Well, if there’s a prize for shortest competition game, E-MAILBOX will win it hands down. Clocking in at just under ten minutes, it barely gets off the ground before telling you either that you’ve won or that you’ve just met your death by having your body’s cells torn apart from one another. Not much of a menu, but at least either way the end comes quickly. The game purports to be “A true story based on actual events that occurred to a real individual,” but is written in a broad, exaggerated tone that is probably meant to be burlesque. It’s funny, in a limited kind of way, but it’s hard for the game to do very much when it ends so quickly.
One thing that it does do well is proves that an AGT game can hold its own in a modern competition. E-MAILBOX is short, yes, but it’s fun while it lasts. I used Robert Masenten’s AGiliTy interpreter for the first time, and found that it produced output that was well-formatted, easy-to-read, and even sometimes (gasp!) aesthetically pleasing. The game achieves a few nice special effects — nothing that couldn’t have been done with Inform or TADS (I don’t know enough about Hugo to say one way or the other) but nothing to sneeze at either — and generally works imaginatively with the text format. Of course, one wonders whether E-MAILBOX was kept so short in order to disguise the limitations of its programming system. There is virtually no navigation within the game, and the very linear design prevents most parser experimentation. Thanks to the handy AGT counter, I know that E-MAILBOX has a grand total of 4 locations, some of which only respond to one command. This game is a brief bit of fun, but the jury’s still out on whether AGT can match up to more modern systems when it comes to more substantial works.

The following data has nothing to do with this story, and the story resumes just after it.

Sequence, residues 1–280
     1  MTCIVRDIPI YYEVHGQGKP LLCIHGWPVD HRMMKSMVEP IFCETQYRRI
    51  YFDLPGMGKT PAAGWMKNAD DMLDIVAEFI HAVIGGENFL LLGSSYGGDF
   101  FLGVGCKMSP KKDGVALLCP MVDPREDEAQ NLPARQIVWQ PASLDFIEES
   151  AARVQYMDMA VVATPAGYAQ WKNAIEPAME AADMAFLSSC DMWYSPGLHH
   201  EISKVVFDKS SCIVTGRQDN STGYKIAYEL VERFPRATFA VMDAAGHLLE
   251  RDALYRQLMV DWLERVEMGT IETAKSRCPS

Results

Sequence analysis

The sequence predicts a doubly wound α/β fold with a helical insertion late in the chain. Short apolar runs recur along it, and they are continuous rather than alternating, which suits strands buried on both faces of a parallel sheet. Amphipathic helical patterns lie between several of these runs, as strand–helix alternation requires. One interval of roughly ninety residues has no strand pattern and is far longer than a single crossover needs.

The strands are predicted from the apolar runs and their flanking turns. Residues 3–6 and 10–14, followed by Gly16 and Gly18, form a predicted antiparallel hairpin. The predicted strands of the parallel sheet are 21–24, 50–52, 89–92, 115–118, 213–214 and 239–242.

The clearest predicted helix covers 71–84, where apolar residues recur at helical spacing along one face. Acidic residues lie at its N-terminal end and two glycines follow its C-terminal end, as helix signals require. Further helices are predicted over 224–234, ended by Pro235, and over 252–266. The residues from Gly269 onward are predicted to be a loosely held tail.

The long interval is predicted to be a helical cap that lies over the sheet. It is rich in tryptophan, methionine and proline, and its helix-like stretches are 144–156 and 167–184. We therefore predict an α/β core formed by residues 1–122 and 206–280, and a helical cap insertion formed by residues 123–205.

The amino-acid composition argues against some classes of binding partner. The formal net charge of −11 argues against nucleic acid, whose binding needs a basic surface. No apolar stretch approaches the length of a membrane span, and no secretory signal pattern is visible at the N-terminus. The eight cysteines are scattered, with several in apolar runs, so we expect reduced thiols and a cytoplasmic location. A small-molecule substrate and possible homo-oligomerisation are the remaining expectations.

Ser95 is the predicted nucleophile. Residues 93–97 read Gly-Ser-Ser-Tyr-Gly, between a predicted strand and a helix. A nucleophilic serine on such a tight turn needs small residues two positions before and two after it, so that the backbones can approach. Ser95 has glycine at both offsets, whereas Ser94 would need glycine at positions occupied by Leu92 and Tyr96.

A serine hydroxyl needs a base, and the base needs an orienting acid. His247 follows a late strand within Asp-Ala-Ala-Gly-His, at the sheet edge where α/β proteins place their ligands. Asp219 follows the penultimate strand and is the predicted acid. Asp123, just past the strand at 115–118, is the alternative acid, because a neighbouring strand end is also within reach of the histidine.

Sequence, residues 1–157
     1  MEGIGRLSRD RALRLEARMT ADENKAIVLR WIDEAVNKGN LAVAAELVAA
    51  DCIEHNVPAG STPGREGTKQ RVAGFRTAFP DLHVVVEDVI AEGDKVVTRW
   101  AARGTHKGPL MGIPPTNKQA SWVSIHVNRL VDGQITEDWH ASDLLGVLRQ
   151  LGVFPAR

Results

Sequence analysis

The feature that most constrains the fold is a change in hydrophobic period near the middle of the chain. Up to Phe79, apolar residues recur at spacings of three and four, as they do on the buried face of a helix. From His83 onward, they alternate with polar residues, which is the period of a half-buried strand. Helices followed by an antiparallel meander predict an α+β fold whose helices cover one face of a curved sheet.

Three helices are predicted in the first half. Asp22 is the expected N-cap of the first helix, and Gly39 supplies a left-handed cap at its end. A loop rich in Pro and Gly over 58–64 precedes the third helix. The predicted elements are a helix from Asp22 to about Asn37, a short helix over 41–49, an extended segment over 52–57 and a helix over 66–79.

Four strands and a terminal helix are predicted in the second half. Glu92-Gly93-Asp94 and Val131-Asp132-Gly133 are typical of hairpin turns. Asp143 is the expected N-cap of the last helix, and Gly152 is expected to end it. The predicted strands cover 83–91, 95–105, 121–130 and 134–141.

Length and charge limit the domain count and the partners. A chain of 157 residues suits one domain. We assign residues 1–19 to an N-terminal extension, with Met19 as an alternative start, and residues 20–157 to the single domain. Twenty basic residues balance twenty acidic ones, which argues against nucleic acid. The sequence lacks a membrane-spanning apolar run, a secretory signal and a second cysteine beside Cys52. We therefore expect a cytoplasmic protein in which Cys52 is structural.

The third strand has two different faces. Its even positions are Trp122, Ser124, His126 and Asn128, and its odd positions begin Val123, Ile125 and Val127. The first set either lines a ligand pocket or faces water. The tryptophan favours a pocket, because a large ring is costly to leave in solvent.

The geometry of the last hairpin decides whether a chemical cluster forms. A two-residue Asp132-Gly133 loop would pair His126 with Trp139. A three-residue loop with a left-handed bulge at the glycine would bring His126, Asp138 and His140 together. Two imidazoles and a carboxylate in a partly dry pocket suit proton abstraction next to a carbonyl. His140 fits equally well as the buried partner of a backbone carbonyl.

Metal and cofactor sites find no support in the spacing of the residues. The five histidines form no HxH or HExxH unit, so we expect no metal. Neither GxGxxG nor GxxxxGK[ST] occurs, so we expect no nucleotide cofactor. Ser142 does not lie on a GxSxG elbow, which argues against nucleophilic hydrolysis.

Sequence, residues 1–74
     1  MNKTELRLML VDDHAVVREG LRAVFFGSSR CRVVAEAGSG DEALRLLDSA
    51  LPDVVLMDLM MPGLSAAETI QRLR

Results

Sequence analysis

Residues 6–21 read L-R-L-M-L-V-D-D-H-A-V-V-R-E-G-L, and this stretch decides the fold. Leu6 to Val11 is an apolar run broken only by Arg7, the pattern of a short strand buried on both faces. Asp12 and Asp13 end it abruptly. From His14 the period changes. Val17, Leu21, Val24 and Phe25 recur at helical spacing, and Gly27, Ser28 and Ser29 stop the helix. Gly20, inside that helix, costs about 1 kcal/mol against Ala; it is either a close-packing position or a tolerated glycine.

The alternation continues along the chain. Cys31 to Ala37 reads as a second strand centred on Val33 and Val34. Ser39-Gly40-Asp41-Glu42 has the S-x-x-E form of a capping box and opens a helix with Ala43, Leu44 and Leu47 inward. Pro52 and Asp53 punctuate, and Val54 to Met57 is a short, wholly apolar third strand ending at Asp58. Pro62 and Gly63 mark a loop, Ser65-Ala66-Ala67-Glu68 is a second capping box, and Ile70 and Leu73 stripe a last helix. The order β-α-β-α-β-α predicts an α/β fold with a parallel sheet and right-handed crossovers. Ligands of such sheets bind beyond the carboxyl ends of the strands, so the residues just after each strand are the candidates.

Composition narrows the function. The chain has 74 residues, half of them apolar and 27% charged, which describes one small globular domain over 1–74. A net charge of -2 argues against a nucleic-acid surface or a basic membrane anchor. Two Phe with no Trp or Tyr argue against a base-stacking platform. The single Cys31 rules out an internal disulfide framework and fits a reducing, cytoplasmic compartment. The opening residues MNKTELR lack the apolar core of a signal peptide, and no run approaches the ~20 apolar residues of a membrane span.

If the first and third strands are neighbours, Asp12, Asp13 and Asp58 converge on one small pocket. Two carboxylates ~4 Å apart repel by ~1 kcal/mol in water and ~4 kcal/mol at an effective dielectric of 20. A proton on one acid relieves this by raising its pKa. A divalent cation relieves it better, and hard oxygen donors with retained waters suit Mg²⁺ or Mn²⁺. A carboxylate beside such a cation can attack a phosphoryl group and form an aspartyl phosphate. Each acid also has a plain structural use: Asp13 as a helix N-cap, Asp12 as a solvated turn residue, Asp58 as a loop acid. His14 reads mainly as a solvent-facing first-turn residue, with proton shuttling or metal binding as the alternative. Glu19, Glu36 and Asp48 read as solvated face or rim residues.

There are some interactive fiction games that are epic, and may take even a great player a three-day weekend to complete (without looking at any hints, of course). Then there are those which could take up a day or two, and those (many of the competition games, for instance) which might fill a long lunch break. Play E-MAILBOX over a 15 minute coffee break. You’ll have some fun and still have time for a brisk walk.
Prose: I found the prose in E-MAILBOX to be pretty over-the-top. As I say, I think it was intended as burlesque, but its outrageousness seems forced. It comes across as the prose of a voice which is promising, but has not quite fully matured. It’s not exactly the sophomoric arrogance of something like Zero Sum Game — more an overly sincere zaniness.
Plot: The plot is so short and simple that it’s hard to tell much without giving away the ending. Basically, it centers around trying to send an email message. (See, I told you: short and simple.)
Puzzles: Well, I never found anything that I thought really qualified as a puzzle. The actions necessary are either entirely obvious, or entirely obscure but well-prompted by the parser.
Technical (writing): I found no errors in E-MAILBOX‘s writing.
Technical (coding): As I said above, the game does a nice job for something so short. The author makes an AGT game fun to play, which in my experience is no small feat. A well-implemented piece of work, short work though it may be.
OVERALL: A 5.8